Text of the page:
"We learned even more lessons that we need to have all our infrastructure up in the cloud," Reck said. "We were using [Joplin] as an example [of business continuity]. We put what I learned in my newsletter and our Facebook page. In all my sales pitches and backup solutions now, we explain a regional disaster and the importance of backup to cloud."

Cleaning Up

Volunteers work to clean out the offices of the Bloomsburg Fair, an annual event that attracts more than 400,000 visitors and provides an economic lifeblood to the small community of 15,000 people. The flood forced the cancellation of the 157th annual fair this year for the first time.

"Everybody was hoping to get the Fair going. As soon as the waters receded, one of my techs and I tried to get the technology up and running," Reck said. Despite their efforts, the damage to the land and buildings was too expensive to open the fair.

High Water Mark

Someone temporarily posted a new water mark on one of the fair's buildings for the 2011 flood that easily eclipsed the town's previous infamous flood in 1972.

"It's funny, everyone knows Hurricane Agnes [in 1972]. That's a benchmark anywhere. That was last biggest flood," Reck said.

Fiber-Optic Failure

This photo shows some of the fiber-optic infrastructure that supported the Bloomsburg Fair. This section is eight feet off the ground and was submerged under flood water. "We had to replace all that. We'd been working on that all week," Reck said.

InnoTek started in 1999 and has six employees. It offers managed services, systems integration and is starting to get into virtualization and cloud, Reck said.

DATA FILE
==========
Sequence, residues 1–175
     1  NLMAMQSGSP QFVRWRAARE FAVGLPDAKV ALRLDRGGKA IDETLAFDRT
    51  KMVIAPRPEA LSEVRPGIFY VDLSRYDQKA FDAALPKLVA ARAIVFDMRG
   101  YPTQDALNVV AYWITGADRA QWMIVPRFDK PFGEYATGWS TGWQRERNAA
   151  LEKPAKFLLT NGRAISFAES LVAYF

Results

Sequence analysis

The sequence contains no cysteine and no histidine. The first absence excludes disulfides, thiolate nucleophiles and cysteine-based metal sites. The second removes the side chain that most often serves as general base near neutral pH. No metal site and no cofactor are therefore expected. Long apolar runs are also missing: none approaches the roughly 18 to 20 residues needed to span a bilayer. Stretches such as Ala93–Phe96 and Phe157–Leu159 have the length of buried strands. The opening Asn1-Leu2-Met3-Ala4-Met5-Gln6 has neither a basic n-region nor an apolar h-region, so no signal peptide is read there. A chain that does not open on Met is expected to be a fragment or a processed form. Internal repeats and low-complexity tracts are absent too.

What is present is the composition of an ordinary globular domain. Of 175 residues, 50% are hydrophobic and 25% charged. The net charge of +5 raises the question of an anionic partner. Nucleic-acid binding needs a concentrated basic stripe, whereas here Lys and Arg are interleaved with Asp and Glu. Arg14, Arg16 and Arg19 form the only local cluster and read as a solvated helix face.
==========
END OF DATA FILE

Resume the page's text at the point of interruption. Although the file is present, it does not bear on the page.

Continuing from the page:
The flooding caused many sinkholes around Bloomsburg, including this one near a ticket booth building.

Even though InnoTek's office wasn't damaged, Reck still couldn't get on site because surrounding roads were out. On the third day, Reck found a way in, but the 10-mile drive was extended into a 30-mile drive.

"We were totally isolated from physically accessing the site. It opened my eyes. I learned we need to get ourselves more in the cloud. With something like this, you literally can't get to the site," he said.

More Damage

The fair didn't have full power for nearly two weeks after the flood. Water was also out for a week and the National Guard was on site for a full week, handing out supplies to residents, Reck said.

Closed For Business

The flooding did major damage to the Bloomsburg Fair buildings, including this one, besides destroying IT equipment. InnoTek was able to help get the organization's IT infrastructure back up, which helped employees organize help and communicate, Reck said.

Home Damage

Several houses also fell into sinkholes after the flooding receded. "This one came right off the foundation. All the water just washed the ground away," said Reck.

Prior to the flooding, InnoTek had replicated its servers offsite, but still in the Bloomsburg area. Now Reck said he intends to back up outside the region as another security measure.

"We've got our Exchange servers offsite but all our other servers are virtualized locally. Now we have to find a host we're happy with," he said.

Salvage Mission

Reck and other volunteers pulled all this IT equipment out of the Fair's office.

"We just loaded it onto the back of the truck to transport to our office to try to salvage it," he said. Aside from taking data from the hard drives, not much equipment was able to be saved.

Rescue Center

After the flood, InnoTek opened a technology rescue center where any business that lost its office could use InnoTek computers, Internet and printers. Here, employees from the Bloomsburg Fair look happy to have a place to work.

Battle Plan

Innotek blew up a map of the Bloomsburg Fair's fiber optic locations to help determine the extent of the damage and a plan to replace broken equipment. "This is our war room map. Because everything was so devastated, we've marked it with what's working, what's bad. It's a pretty big campus," Reck said.